On appeal from the Superior Court of New Jersey, Law Division, Cumberland County, Indictment No. 09-02-00180.
NOT FOR PUBLICATION WITHOUT THE APPROVAL OF THE APPELLATE DIVISION
Submitted February 28, 2012 -
Before Judges Simonelli and Accurso.
Following a jury trial, defendant Wilbur Bussey was convicted of second-degree vehicular homicide, N.J.S.A. 2C:11-5 (count one) and third-degree assault by auto, N.J.S.A. 2C:12- 1c(1) and (2) (count two). Judge David Krell sentenced defendant to a five-year term, subject to a mandatory eighty-five percent period of parole ineligibility pursuant to the No Early Release Act (NERA), N.J.S.A. 2C:43-7.2, on the vehicular homicide conviction and a concurrent three-year term on the assault by auto conviction.
Defendant raises the following arguments on appeal:
POINT I DEFENDANT'S RIGHT TO CONFRONT HIS ACCUSER WAS VIOLATED WHEN THE COURT PERMITTED A LABORATORY SUPERVISOR WHO DID NOT DIRECTLY OVERSEE THE BLOOD TEST TO TESTIFY IN PLACE OF THE CHEMIST WHO CONDUCTED THE TEST.
POINT II THE COURT ABUSED ITS DISCRETION WHEN IT PRECLUDED DEFENDANT FROM CROSS-EXAMINING [A WITNESS] ON HIS PENDING VIOLATION OF PROBATION CHARGE, WHICH WAS RELEVANT TO BIAS - NAMELY, [THE WITNESS'S] INTEREST IN CURRYING FAVOR WITH THE STATE - AND EXPLAINED WHY [THE WITNESS'S] SECOND STATEMENT WAS MORE DAMAGING TO DEFENDANT THAN THE FIRST.
Having considered these arguments in light of the record and existing law, we affirm.
Defendant's conviction and appeal arise out of a head-on collision he caused while attempting to pass an eighteen-wheel tractor-trailer on a two-lane road in a fifty-mile-per-hour zone in Vineland. The accident happened on September 20, 2005, shortly after ten o'clock on a clear, pleasant evening. Defendant himself was not seriously hurt in the crash. The driver of the other car, however, suffered extensive and severe injuries, and his passenger was killed.
Three eyewitnesses testified that defendant was driving a white Jeep Cherokee that had come up fast behind a slow-moving tractor-trailer with its right turn signal on, traveling south on Delsea Drive. When defendant pulled around to pass the truck on the left, he immediately crashed head-on into a black Mazda traveling in the northbound lane.
The two drivers traveling behind the tractor-trailer testified that defendant had passed both of them at a speed of between fifty-five and seventy miles per hour, weaving between them and then braking short behind the truck before pulling around to pass it as well. The third witness was pulling out of a driveway waiting to turn left across the northbound lane of Delsea Drive to go south. She testified that as she waited to let the tractor-trailer pass, the white Cherokee came up close behind the truck, hit its brakes, veered into the northbound lane and collided with the Mazda passing directly in front of her car. All three witnesses testified that the tractor-trailer never stopped or left the travel portion of the southbound lane.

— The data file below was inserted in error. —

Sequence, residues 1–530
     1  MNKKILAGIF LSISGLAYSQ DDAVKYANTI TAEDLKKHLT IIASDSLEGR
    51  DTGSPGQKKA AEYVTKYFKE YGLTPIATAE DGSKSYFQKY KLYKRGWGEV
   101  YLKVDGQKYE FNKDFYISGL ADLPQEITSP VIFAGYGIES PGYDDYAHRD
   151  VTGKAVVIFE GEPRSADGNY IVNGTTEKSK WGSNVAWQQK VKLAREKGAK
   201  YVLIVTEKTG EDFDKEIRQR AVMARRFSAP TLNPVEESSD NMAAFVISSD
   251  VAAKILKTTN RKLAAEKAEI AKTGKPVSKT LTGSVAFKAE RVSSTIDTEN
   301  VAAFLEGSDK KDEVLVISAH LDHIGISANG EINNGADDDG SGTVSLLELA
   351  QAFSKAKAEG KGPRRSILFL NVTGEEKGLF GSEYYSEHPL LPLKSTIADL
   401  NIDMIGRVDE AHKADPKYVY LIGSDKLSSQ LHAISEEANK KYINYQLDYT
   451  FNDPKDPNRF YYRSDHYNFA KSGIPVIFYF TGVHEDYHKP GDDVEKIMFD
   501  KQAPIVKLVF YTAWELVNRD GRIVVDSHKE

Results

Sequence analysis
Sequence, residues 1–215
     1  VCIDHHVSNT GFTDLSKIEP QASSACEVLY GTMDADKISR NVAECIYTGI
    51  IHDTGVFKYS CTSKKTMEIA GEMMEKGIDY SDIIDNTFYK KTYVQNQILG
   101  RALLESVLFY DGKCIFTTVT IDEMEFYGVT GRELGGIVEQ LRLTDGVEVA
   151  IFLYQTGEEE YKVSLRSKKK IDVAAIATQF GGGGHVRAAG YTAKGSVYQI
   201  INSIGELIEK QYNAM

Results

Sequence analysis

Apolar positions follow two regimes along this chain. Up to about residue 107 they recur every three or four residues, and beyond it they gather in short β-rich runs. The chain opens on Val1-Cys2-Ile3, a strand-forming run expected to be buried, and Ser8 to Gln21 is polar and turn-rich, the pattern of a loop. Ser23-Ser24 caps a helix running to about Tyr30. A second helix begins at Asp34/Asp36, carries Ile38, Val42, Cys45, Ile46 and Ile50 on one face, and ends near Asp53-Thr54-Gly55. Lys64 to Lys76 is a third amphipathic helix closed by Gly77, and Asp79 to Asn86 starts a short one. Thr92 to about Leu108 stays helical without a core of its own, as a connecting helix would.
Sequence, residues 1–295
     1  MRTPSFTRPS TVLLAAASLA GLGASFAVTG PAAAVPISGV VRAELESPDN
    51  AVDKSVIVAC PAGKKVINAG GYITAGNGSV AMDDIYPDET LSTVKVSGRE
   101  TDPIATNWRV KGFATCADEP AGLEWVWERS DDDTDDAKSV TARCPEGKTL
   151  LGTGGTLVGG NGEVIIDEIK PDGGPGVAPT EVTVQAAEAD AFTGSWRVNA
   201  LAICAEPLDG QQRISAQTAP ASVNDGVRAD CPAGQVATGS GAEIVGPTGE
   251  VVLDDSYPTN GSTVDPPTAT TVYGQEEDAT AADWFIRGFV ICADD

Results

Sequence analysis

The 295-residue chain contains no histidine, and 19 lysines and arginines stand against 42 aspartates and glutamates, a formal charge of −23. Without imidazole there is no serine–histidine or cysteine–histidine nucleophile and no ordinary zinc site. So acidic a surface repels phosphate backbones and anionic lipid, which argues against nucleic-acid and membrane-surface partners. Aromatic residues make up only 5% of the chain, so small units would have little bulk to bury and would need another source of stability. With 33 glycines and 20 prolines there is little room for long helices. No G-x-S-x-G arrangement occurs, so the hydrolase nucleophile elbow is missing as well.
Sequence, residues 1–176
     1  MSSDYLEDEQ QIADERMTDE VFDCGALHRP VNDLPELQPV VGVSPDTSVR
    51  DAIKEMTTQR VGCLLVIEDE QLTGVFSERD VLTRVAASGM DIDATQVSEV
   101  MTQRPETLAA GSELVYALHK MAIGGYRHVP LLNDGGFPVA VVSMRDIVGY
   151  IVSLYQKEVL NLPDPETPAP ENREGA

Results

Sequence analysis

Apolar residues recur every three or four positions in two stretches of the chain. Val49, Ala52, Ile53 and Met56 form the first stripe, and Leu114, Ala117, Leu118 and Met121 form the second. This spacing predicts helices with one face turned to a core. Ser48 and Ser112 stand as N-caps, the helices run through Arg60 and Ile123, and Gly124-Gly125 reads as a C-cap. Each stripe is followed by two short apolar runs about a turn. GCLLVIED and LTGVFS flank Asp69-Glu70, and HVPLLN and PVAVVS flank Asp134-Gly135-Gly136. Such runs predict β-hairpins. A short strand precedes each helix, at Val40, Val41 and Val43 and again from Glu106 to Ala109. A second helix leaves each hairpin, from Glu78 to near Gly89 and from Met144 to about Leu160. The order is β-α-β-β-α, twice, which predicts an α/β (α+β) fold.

No sobriety tests were administered at the scene, but blood samples were drawn from both drivers at the hospital. Defendant's blood alcohol level measured 0.06 percent at 12:40 a.m. when the sample was drawn. Defendant did not testify at trial, but statements he made to a detective from the Cumberland County Prosecutor's Office two months after the accident were admitted into evidence. Defendant claimed that the tractor-trailer had been driving on the right shoulder with its turn signal on when he began to pull around it in the southbound lane, but that he was forced to swerve sharply to the left when the truck swung back into the lane without warning. He admitted to drinking three beers between five-thirty and nine o'clock on the night of the accident, but believed that it had nothing to do with the cause of the crash. Defendant's counsel argued to the jury that the accident was likely caused by a blow-out of one of the Cherokee's tires.
The State presented two expert witnesses to testify about defendant's blood alcohol content at the time of the accident. Mark Maxwell, the forensic scientist in charge of the toxicology unit at the State Police South Regional Laboratory in Hammonton, testified to the procedures the lab follows in handling, storing, and testing a blood sample for alcohol content. Maxwell explained the workings of the head space sampling unit and the gas chromatograph the lab uses to prepare and analyze the samples. He also explained his role in supervising and reviewing the work of the analyst who conducted the analysis of defendant's blood sample.*fn1 Maxwell explained that he peer reviewed the certified lab report prepared by the analyst, the toxicology worksheets, the alcohol analysis reports generated by the computer, and the drug analysis at the time the analyst prepared the report on defendant's blood in October 2005, and that he again reviewed those same documents in preparing for trial. He testified that he found no discrepancies or errors in the work in either review, and that his independent review of the worksheets and the alcohol analysis reports led him to the same ...